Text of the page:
My husband gulps some Cabernet Franc and declares it “tasty.” We are in the Tri-Cities wine country in Washington state and other guests are sipping their wine and describing its characteristics in elegant prose.
Each of the big wine countries in North America also offers up a good helping of breweries―and the good news is that you don’t have to search very hard to find them.
It was at this point that I wondered if it’s possible to drink beer in wine country. Sounds like an oxymoron, but don’t beer drinkers get a chance to enjoy their preferred beverages, after their oenophile partners have dragged them around tasting rooms all day?
The answer is yes. Each of the big wine countries in North America also offers up a good helping of breweries―and the good news is that you don’t have to search very hard to find them.
And forget yourselves for a moment―think of the wine makers. Despite what Hollywood and romanticized books and articles will have us believe, for many of them, there’s only one thing that hits the spot at the end of the day and that’s a nice cold beer.
In fact, as many brewers pointed out, the saying is that it takes a lot of great beer to make good wine.
The logical place to start with any discussion of wine in this continent is the most illustrious wine country, Napa Valley.
Both Napa and Sonoma counties are peppered with breweries, and one of the best known is Downtown Joe’s American Grill and Brewhouse in the town of Napa. “People come to the valley and want to taste wine but their whole life is not wine,” said Colin Kaminksi, the pub’s brewer. So, they typically come at both ends of the wine-tasting day, he said―for breakfast and for a change of pace after a day in the vines.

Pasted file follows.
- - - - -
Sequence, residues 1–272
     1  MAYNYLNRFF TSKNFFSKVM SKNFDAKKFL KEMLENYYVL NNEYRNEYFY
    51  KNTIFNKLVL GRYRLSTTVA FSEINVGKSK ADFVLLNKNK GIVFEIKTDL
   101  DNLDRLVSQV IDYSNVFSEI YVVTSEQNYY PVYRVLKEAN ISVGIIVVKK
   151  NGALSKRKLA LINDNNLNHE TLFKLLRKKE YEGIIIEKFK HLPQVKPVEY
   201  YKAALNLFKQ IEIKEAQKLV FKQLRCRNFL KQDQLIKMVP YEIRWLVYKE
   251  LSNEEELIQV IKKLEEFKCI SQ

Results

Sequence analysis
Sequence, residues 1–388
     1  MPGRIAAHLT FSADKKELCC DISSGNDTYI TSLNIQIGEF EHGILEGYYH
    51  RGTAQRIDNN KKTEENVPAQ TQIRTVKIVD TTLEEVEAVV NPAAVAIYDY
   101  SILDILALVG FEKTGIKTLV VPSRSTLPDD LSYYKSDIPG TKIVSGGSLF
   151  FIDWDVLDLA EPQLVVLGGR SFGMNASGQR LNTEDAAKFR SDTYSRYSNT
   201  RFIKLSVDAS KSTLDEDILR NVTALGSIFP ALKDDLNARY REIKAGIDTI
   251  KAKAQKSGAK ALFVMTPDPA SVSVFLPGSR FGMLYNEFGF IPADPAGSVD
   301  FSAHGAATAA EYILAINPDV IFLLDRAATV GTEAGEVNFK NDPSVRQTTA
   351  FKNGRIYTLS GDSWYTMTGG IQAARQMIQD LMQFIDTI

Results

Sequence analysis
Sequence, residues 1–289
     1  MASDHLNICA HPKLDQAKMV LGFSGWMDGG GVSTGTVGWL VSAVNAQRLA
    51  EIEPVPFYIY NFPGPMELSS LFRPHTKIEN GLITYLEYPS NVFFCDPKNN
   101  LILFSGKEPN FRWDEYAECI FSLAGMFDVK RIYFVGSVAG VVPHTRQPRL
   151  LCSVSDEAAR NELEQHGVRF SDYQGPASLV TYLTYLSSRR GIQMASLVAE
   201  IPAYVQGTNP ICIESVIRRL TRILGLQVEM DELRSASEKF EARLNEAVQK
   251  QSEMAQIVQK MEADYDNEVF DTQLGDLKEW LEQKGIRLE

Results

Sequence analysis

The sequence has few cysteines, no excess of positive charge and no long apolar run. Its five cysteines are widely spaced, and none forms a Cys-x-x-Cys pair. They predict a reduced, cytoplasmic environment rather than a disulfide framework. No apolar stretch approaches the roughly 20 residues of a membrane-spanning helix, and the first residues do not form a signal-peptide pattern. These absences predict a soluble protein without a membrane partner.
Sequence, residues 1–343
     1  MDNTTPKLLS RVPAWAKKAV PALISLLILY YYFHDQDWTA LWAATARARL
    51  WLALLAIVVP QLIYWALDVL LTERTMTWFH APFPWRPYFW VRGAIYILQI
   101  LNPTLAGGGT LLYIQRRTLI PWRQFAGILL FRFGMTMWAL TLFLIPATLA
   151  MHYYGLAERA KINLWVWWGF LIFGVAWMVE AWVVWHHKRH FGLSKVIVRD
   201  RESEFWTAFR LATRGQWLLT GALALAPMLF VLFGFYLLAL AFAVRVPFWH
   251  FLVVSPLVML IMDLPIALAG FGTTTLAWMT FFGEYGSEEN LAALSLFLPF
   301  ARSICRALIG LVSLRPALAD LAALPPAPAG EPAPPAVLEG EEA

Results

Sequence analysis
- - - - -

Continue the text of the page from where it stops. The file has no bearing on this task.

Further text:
Situated in a historic building on the banks of the Napa River, Downtown Joe’s offers seven regular draft beers, the most popular being Tail Waggin’ American Amber and Lazy Summer American Wheat, and an eighth beer that rotates. The specials tend to depend on Kaminski’s whim―“if I want to explore a different hop, malt or style,” he said. “And that way, I can decide if that element becomes part of one of our regular ales.”
The pub is more British style than American, a very social place where everyone interacts. There’s regular live music and outdoor patios.
Thirty miles to the north, in Calistoga, is the Napa Valley Brewing Co., the Calistoga Inn Restaurant & Brewery.
Here there are four beers on tap: an American wheat, a pilsner, a red ale, and a porter. The wheat and the pilsner are the best sellers in the summer, while the red ale is a heartier winter drink. The porter, according to head brewer Brad Simisloff, is consistent throughout the year and ages very well. Simisloff also rotates in three to five other beers regularly, so there are always seven to nine tap offerings.
“I’m fascinated by the history of beer styles and how they came about so I’m as authentic as I can,” he said. As an example, he uses Belgian malt for his Belgian-style beers and abbey-style yeast.
He also has fun playing around with his tripels, adding flavors like orange peel and grains of paradise, a seed that is spicy with a little fruit. “I make all the spices subdued, however, so they’re just an aftertaste,” he pointed out.